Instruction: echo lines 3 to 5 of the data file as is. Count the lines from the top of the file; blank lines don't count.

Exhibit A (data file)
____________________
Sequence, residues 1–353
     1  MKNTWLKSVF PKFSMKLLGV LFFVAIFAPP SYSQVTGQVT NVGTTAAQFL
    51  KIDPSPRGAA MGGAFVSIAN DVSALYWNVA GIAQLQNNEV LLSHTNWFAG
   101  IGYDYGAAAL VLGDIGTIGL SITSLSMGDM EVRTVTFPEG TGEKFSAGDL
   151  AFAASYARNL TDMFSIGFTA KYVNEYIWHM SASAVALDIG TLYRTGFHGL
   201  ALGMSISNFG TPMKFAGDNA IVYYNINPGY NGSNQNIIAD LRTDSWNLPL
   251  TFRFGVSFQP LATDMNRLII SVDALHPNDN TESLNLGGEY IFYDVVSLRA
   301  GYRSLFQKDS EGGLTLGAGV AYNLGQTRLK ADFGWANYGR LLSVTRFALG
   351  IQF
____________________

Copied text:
    51  KIDPSPRGAA MGGAFVSIAN DVSALYWNVA GIAQLQNNEV LLSHTNWFAG
   101  IGYDYGAAAL VLGDIGTIGL SITSLSMGDM EVRTVTFPEG TGEKFSAGDL
   151  AFAASYARNL TDMFSIGFTA KYVNEYIWHM SASAVALDIG TLYRTGFHGL